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In Latinx Photography in the United States: A Visual History, Elizabeth Ferrer highlights the contributions of Latinx individuals to the history of American photography. Loosely defined as a term whose genesis resides in ethnic, linguistic, and class-based systems of identification, “Latinx” quickly turns into an exhortation to abandon the implicitly exclusionary structures of language through an affirmative, gender-neutral, and inclusive form of self-identification. With this claim, the author intervenes in the historiography of the medium by calling for more inclusive narratives. The book is illustrated with emblematic images of aesthetic and historical value and provides more than eighty biographical entries. Each chapter is accompanied by an introductory essay that contextualizes and thematizes a broad range of practices that extend from the use of the first photographic cameras in the American West during the nineteenth century to the boom of photojournalism through the 1950s and 1960s and the rise of street photography and conceptualism in the 1980s and 1990s.
Intended for a general audience and structured as a reference book, Ferrer’s study addresses the marginal position photography has historically occupied within the fine arts as well as its role in the social life and political activism of communities bonded by a common cultural background and a shared experience of disenfranchisement. Notwithstanding the broad and at times seemingly boundless scope of the author’s project, Ferrer remains attentive to the discourses that have influenced and been influenced by the photographic medium as both an aesthetic and critical practice. With a shrewd eye for addressing the construction of ethnic and racialized identities in the last century, the author weaves in the various themes and approaches cutting through the Latinx photographic archive.
A writer, curator, and arts activist, Ferrer has organized multiple curatorial projects about photography in the United States and Latin America. According to the author, recovering archives and artistic practices that fall outside the official history of American photography has prompted a series of questions about the ways in which the photographic record has shaped historical narratives, documented the experiences of marginalized subjects, and created a shared sense of identity. Part of a recent revisionist turn toward exhibition and collecting practices, Ferrer’s curatorial projects have brought attention to the ways in which institutions and academics have privileged art produced in Latin America, usually by white, male canonical figures, over that of immigrant, Indigenous, and Black artists from Spanish-speaking communities living in the United States. To redress this omission, the book showcases exemplary works by Latinx photographers and artists from diverse backgrounds, who engage a wide range of critical and aesthetic approaches to the medium.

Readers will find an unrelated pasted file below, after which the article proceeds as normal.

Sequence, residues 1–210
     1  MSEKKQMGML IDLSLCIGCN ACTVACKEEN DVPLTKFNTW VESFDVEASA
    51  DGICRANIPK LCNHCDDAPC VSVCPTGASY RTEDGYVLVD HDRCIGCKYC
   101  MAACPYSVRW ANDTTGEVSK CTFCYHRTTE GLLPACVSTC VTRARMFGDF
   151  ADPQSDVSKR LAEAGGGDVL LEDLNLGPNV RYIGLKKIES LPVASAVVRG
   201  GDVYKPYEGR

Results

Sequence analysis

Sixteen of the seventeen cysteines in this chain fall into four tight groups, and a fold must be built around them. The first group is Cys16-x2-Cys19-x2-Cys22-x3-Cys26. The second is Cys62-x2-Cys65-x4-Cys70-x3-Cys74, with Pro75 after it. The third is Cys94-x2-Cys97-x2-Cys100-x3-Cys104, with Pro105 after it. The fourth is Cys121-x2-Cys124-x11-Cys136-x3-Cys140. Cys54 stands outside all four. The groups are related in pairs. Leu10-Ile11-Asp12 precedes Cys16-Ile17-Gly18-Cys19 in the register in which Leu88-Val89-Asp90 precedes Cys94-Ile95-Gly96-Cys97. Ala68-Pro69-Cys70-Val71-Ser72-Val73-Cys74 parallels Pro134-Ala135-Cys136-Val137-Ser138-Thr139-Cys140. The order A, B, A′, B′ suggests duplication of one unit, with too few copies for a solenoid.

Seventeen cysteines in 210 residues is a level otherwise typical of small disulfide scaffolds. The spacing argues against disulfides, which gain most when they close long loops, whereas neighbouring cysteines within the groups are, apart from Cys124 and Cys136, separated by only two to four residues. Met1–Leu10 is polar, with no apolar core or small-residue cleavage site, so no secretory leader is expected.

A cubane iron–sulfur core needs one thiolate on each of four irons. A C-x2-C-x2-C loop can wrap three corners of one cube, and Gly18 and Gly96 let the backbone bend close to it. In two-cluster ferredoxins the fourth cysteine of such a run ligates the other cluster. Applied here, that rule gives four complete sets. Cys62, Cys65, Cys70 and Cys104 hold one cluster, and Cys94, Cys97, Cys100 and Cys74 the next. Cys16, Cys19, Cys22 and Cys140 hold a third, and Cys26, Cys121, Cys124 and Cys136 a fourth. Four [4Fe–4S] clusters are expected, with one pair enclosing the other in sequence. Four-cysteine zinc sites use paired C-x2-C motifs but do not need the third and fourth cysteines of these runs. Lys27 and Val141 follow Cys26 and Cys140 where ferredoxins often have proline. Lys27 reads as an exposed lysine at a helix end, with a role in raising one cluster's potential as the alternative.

The book is divided into ten chapters that can be grouped in three general sections. The first two chapters take a historical approach to the early use of cameras—for either personal or commercial purposes—by individuals of Hispanic heritage, exploring their role in shaping a sense of cultural, social, and political consciousness. Tracing the roots and antecedents of Latinx photography since 1840, the first chapter includes a handful of nineteenth-century individuals of Hispanic descent who were among the first camera owners in the country. Fanny Vallejo’s masterful daguerreotype portraits of her family members in California and Adolfo Rodrigo’s documentation of the American West reveal the complex demographics of a national historical record. Other photographers, who have remained somewhat obscure figures, appear as early practitioners of commercial studio photography in areas with large Hispanic or Latino populations. The author also considers photographers working in the first half of the twentieth century who pioneered an aesthetically unique Latinx photographic lexicon while engaging a modernist sensibility and remaining part of international artistic and intellectual networks.
Chapter 2 traces the interconnected histories of documentary photography and the civil rights movement in the United States from the 1960s through the 1980s. Focused mainly on the emergence of a “Chicano cultural consciousness” sprouting from the political and social movements that lead to “new expressions of ethnic and cultural pride,” this chapter introduces the reader to photojournalists who worked closely with activists and printmakers (16). At this point, the author shifts away from the term Latinx to address the specificity of the Mexican American experience in the Southwest of the United States, particularly in the city of Los Angeles. The term Chicanx is used as a gender-neutral adaptation of Chicano/a, a term referring to people of Mexican heritage that carries with it a sense of pride as it is rooted in the social movements of the 1960s. Whether they worked in the photo-reportage mode or pursued more artistic ends, Chicanx photographers demonstrated tremendous technical prowess. They made important contributions to the documentary aesthetics of black-and-white film and mobilized the poetic lyricism of color photography as they captured scenes of everyday life. Providing a counterbalance to homogenizing interpretations of the Chicanx photographic archive, this chapter ties together the history of Puerto Rican activism in Chicago and the East Coast through brief introductions to lesser-known as well as canonical Latinx photojournalists of the civil rights movement. The resulting triad provides an opportunity to reflect on the shared visual languages that emerged from the translocal networks that formed with the rise of countercultures and political activism across the United States starting in the 1960s.